The magnetooptical control of light implies different directions of polarization plane rotation, linear-to-circular and other polarization transformations. These opportunities can be opened using polarization-sensitive resonances, for example, Bloch surface waves (BSWs) and waveguide modes (WGMs) in magnetophotonic crystals (MPCs) . Magneto-optical phenomena, such as Faraday effect, can be significantly increased near spectrally narrow optical resonances . In this case, the Faraday rotation angle is determined both by the magnetic properties of the material and by the Q-factor of the resonances, which define their spectral width. The resonance of the BSW is shown to be extremely narrow. The proper choice of the MPC parameters gives the ways to observe the s-polarized BSW and p-polarized WGM of the MPC in the same spectral region. Here, we experimentally demonstrate how a fundamental property of magneto-optical effects to couple two linearly polarized modes allows one to control and modify the values of Faraday rotation angles. The interplay of the BSW and WGM results in an enhancement of the Faraday rotation angle, change of lineshape of Faraday rotation spectra and direction of the polarization rotation.
Reflectance spectra of the one-dimensional magnetophotonic crystal and the corresponding Faraday rotation spectra were experimentally measured using the Kretschmann attenuated total internal reflection configuration and numerically calculated using the transfer matrix approach . The studied magnetophotonic crystal sample consists of 15 alternating layers of fused quartz and Bi-substituted yttrium-iron-garnet on a sGGG substrate.
The BSW excitation corresponds to a narrow resonance in the reflectance spectra of the s-polarized light. Wide dips in the reflectance spectra of p-polarized light correspond to the WGM resonances. As the incident angle increases, both the resonances shift to short wavelengths, but the WGM resonance shifts faster; thus, the spectral distance between the BSW and WGM resonances decreases. The spectral dependence of the Faraday rotation angle of s-polarized light has a feature coinciding in the BSW wavelength and caused by the BSW excitation. The feature in the Faraday rotation spectrum has a Fano resonance shape and changes from an asymmetric shape to a symmetric one, while the incident angle increases and the BSW and the WGM resonances approach each other. This behavior is observed both in the experiment and calculations. Thus, it can be argued that the spectral dependence of the Faraday rotation angle depends not only on the BSW resonance in the structure but also on the coupling of the BSW with the WGM mode that is not excited in the s-polarization of the incident light. Besides, the Faraday rotation changes direction while BSW and the WGM resonances spectral position approach each other that makes these resonance in MPCs promising for the future photonics devices.
 M. N. Romodina, I. V. Soboleva, A. I. Musorin, Y. Nakamura, M. Inoue, A. A.
 M. Inoue, M. Levy, A.V. Baryshev, Magnetophotonics: From Theory to Appli- cations, Springer Series in Materials Science, 2013.
 D.W. Berreman, J. Opt. Soc. Am. 62, 502–510 (1972).
Magnetophotonic crystals (MPCs) support Bloch surface waves (BSWs) and waveguided modes (WGMs) propagation. The influence of the BSW on the Faraday effect in the one-dimensional MPCs is studied. The technique of measuring the angle of Faraday rotation in the MPCs in attenuated total internal reflection scheme in Kretschmann configuration is discussed. The spectra of Faraday rotation demonstrate a Fano-shaped resonance near the spectral-angular position of the BSW resonance both for s- and p-polarized incident light. The presence of the feature in the spectrum of p-polarized light can be explained by the Faraday rotation effect and subsequent BSW excitation mutually enhancing each other.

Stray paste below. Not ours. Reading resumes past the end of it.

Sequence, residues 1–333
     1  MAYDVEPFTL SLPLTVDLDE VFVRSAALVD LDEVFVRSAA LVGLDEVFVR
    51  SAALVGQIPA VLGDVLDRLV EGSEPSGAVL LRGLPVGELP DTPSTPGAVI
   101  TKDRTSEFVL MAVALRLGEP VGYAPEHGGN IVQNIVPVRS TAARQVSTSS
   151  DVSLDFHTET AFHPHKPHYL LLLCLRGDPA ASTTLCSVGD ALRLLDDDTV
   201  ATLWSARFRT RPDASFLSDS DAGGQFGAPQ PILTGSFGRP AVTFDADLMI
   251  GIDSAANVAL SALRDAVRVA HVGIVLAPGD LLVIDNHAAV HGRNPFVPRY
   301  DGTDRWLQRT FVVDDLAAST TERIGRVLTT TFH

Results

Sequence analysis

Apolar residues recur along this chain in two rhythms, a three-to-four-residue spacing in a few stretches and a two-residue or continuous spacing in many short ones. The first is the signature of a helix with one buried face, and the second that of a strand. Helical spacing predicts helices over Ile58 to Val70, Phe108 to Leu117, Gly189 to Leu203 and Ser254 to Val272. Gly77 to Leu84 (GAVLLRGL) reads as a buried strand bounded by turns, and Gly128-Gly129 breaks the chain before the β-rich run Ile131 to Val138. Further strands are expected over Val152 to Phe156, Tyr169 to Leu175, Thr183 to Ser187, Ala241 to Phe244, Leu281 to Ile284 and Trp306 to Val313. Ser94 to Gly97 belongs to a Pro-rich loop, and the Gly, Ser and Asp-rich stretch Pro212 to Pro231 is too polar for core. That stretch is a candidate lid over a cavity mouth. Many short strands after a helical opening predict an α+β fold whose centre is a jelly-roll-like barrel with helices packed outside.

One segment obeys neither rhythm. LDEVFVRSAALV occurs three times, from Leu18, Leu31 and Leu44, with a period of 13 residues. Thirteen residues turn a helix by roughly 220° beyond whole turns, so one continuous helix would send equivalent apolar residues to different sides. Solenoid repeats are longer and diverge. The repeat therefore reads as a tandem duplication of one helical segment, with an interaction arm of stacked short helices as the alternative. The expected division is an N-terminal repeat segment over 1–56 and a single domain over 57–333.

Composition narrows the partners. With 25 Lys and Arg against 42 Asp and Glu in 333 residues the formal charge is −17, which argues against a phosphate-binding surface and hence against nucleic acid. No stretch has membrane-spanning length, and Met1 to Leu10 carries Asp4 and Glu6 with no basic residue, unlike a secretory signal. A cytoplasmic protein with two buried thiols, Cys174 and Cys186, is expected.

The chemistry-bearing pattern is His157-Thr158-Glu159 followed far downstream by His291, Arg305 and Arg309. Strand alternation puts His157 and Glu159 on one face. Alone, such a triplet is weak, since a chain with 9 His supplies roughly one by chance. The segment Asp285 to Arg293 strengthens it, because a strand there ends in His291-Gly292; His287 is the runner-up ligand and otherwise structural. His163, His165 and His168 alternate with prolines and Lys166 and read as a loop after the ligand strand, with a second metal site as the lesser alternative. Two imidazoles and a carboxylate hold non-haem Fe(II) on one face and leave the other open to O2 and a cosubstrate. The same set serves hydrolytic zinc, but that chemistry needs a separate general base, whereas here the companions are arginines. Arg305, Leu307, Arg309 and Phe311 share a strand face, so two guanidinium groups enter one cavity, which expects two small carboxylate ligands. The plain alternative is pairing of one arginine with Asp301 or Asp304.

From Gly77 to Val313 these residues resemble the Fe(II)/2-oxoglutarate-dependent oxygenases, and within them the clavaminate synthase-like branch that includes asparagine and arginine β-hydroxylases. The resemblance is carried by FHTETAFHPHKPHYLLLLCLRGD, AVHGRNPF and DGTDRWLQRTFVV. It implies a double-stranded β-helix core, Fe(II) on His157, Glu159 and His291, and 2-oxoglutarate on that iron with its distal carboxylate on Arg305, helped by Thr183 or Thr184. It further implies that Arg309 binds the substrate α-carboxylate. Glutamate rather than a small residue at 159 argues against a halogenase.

Double optical tweezers combined with active rheology approach are suggested for dynamic monitoring of the
red blood cell elastic properties. Frequency dependence of the phase difference in the forced movement of the
erythrocyte opposite edges appeared to be highly dependent on the rigidity of the cellular membrane. Cell
relaxation time value is suggested as an effective parameter determining the state of the cell. Photo-induced
effects caused by optical trapping are analyzed.
Correlation function analysis combined with optical tweezers technique is proposed for studying of magnetic
interaction influence on statistical properties of microparticles Brownian motion in liquid. It is shown that
autocorrelation function of Brownian particle displacements from optical trap center contains information about
particles rotation frequency in rotating magnetic field. Powerful method based on correlation analysis to detect
the interaction between paramagnetic microparticles in a constant magnetic field is suggested. Experimental
results show that magnetic interaction changes cross-correlation function of nanometer displacements of two
optically trapped particles in a constant external magnetic field.
A novel approach to probe viscoelastic properties of cells based on double trap optical tweezers is reported. Frequency dependence of the tangent of phase difference in the movement of the opposite erythrocyte edges while one of the edges is forced to oscillate by optical tweezers appeared to be highly dependent on the rigidity of the cellular membrane. Effective viscoelastic parameters characterizing red blood cells with different stiffnesses (normal and glutaraldehyde-fixed) are determined. It is shown that the photo-induced effects caused by laser trapping at the power level used in the experiments are negligible giving the possibility to use the offered technique for dynamic monitoring of soft materials viscoelastic properties.